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Endpoint security: A key IT security challenge

Attackers prefer to target end devices, and the reason is simple: User programs and users are relatively easy targets. But the damage is significant, which is why protection is so important.

The starting point for major data thefts is often a laptop or PC, because that’s where users can be attacked directly. Any wrong click can have devastating consequences. Manufacturers of endpoint protection software are countering new attack vectors with new technologies like the cloud and artificial intelligence.

For attackers, the PC or laptop is still the main gateway into the company. This is where users sit, tempted by cyber criminals to click on a malicious link or open compromised Office documents. That's why these devices are at the forefront of IT security measures.

According to an IDG study (German), the security of end devices is the biggest IT security task for 38 percent of those surveyed in management or the board of directors. Endpoint protection therefore represents a significant cost factor: Up to one third of the security budget is spent on security. The total volume of this software segment is correspondingly large: The global market totalled just under 14 billion US dollars in 2020 and is expected to grow to over 22 billion by 2026, according to forecasts.

 

AI and the cloud become standard

The cost drivers are new attack vectors that software providers can only counter with adapted technologies. Due to the staggering increase in the number of malware variants, which are created individually for specific attack targets at short notice, the traditional signature-based malware detection no longer works (read more). To be able to react faster and more flexibly, manufacturers of endpoint protection products are relying on cloud technologies and artificial intelligence (AI). Using machine learning, the software adapts to new types of threats. Instead of byte sequences, it looks for suspicious behaviour patterns, i.e., conspicuous actions on computers. This could be a user who was just logged in at the company's domestic location but suddenly accesses company data from China or other faraway regions. Or even users accessing data they’ve never used before. To detect these kinds of anomalies, endpoint products work in a networked structure and exchange information with cloud servers. This enables the AI that’s deployed centrally to identify comparable anomalies from different companies occurring at the same time and establish correlations.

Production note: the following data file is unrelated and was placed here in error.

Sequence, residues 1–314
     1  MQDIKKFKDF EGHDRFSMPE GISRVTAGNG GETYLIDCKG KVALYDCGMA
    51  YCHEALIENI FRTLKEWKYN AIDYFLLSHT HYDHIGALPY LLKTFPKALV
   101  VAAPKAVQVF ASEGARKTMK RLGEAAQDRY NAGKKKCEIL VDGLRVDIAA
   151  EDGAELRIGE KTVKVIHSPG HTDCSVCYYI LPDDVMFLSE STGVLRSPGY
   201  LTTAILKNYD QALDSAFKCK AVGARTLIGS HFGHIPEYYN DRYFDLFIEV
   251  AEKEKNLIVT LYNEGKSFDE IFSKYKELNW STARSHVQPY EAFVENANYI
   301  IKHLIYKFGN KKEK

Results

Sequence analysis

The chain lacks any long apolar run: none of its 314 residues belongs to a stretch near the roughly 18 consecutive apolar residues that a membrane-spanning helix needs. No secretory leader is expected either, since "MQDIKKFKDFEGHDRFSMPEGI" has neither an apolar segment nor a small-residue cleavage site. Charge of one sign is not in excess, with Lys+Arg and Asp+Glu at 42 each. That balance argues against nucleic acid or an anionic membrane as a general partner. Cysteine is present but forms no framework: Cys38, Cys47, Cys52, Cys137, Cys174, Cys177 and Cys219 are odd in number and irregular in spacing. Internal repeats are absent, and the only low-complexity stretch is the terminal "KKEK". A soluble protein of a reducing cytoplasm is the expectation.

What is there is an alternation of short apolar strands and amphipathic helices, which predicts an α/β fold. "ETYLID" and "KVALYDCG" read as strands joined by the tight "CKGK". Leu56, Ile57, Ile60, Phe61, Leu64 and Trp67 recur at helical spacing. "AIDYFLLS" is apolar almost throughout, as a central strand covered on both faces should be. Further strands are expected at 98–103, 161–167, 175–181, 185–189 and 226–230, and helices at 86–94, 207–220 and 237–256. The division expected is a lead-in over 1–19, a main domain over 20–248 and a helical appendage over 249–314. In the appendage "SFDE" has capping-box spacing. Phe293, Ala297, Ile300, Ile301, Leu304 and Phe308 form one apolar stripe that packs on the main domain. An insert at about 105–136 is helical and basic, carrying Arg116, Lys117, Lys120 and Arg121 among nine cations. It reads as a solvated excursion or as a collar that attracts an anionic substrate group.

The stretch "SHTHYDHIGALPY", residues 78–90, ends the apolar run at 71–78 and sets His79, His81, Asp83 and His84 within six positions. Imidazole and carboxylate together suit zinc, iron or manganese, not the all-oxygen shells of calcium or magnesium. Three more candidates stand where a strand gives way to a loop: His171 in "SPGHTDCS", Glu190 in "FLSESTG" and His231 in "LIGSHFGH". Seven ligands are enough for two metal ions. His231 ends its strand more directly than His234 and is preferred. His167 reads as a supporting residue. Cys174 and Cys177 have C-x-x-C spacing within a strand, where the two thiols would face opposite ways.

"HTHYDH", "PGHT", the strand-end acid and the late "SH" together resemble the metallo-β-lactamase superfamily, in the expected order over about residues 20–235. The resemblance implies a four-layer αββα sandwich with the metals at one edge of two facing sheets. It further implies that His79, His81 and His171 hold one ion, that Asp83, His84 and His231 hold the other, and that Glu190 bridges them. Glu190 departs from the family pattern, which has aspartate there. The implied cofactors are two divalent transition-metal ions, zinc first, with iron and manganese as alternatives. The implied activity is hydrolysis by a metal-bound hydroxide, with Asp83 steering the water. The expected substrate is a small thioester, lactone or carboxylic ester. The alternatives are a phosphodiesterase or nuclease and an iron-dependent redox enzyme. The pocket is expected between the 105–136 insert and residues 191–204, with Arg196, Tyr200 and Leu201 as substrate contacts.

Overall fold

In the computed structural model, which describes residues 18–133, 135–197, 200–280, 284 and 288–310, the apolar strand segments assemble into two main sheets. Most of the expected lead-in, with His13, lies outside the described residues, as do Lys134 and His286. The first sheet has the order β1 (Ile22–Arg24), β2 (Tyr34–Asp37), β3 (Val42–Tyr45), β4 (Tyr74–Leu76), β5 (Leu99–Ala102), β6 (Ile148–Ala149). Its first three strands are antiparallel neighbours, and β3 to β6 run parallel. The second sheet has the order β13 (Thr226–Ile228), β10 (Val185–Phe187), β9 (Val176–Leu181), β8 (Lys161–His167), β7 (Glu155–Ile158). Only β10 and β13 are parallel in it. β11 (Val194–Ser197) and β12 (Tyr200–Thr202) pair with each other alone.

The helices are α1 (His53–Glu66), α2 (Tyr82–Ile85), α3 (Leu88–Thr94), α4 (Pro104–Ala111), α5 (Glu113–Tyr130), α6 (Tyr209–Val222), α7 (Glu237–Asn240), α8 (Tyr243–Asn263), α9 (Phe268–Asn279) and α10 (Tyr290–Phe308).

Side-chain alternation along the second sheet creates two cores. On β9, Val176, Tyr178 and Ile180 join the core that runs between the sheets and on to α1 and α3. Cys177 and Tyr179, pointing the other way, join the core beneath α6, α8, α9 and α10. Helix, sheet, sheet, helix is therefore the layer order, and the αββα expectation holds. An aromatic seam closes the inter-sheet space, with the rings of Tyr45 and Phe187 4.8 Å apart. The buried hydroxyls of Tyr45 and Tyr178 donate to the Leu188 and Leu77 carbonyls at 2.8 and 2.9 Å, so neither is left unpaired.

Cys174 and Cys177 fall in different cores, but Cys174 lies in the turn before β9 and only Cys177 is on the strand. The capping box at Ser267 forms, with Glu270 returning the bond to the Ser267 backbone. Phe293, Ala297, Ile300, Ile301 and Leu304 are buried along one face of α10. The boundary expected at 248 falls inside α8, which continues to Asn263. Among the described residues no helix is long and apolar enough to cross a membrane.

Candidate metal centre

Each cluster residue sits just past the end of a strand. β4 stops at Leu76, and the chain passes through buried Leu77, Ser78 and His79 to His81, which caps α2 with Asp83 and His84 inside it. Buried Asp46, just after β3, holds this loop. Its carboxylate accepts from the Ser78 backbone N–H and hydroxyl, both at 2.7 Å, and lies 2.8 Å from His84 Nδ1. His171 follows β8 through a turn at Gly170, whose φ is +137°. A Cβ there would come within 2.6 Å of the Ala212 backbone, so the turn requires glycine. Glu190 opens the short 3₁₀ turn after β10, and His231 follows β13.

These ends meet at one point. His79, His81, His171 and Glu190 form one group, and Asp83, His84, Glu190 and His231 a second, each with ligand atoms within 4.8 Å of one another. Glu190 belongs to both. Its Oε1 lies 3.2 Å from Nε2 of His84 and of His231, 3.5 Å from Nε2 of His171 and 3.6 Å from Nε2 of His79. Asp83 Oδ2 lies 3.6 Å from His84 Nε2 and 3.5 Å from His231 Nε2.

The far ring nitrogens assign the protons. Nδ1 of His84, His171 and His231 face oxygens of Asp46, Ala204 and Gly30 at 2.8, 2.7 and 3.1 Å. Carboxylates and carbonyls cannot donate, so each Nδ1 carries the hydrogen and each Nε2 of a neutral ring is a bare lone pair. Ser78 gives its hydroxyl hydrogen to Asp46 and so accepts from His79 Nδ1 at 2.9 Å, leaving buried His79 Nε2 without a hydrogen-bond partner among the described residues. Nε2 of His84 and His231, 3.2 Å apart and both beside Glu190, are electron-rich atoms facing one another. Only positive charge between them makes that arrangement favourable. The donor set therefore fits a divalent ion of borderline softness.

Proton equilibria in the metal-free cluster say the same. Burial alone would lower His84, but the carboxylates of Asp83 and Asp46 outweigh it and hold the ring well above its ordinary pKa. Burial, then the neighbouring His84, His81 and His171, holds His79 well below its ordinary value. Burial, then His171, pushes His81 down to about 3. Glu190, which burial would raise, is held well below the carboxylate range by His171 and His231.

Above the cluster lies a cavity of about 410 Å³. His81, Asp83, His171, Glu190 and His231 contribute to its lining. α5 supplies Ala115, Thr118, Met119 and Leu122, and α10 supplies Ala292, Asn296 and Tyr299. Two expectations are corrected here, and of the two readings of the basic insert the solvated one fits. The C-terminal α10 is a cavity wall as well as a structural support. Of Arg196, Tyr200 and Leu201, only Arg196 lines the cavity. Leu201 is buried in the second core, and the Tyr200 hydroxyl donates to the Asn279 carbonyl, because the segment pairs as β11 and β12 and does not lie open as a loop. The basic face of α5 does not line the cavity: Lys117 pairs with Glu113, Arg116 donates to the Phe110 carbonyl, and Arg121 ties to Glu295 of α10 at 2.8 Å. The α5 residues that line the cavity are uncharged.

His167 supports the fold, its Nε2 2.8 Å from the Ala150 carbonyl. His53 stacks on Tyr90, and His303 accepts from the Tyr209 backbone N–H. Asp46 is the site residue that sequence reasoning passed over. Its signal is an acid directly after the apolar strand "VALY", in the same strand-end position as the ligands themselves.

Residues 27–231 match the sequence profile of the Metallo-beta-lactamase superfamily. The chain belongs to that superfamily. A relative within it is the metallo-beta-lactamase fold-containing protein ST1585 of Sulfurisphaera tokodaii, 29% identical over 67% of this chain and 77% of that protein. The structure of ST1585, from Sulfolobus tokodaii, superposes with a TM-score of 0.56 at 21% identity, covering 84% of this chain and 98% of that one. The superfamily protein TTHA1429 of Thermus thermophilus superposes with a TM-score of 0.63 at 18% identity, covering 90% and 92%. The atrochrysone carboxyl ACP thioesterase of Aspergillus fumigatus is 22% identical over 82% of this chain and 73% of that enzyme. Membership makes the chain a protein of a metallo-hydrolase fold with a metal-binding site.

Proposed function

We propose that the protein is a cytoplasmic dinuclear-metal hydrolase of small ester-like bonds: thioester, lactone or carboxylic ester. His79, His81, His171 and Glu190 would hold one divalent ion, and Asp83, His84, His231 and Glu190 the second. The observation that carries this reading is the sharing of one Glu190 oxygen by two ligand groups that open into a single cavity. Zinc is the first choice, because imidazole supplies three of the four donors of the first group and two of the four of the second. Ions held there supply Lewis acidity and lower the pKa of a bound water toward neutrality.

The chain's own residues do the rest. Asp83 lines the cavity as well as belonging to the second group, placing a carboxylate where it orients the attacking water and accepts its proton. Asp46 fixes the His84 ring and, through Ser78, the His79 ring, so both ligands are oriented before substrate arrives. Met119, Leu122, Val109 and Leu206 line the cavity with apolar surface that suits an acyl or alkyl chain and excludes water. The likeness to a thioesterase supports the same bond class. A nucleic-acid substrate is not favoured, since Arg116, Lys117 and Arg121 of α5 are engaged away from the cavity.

In addition, almost all major providers of protection software operate their own security operation centers (SOC) to perform analyses. The software installed on company endpoints also serves as a sensor. The global network of these sensors can detect correlations with individual anomalies and detect attacks early on. This leads to warnings or updates for all customers. As a rule, smaller competitors can’t offer this advantage to large providers.

 

Dangers beyond PCs and laptops

But AI solutions aren’t always the better choice: The systems need time to learn and require appropriate learning material. Criminals have long since adapted to this and try, for example, to irritate learning algorithms by flooding them with false information. If attackers succeed in penetrating the company, the first thing they often try to do is shut down the AI.

Often overlooked in the planning of protective measures is the fact that PCs aren’t the only end devices. Laptops, tablets, smartphones, and IoT devices are also considered endpoints that need of protection. If they form a weak point in the protection concept, they easily become the starting point from where attackers hijack the network.

Author: Uwe Sievers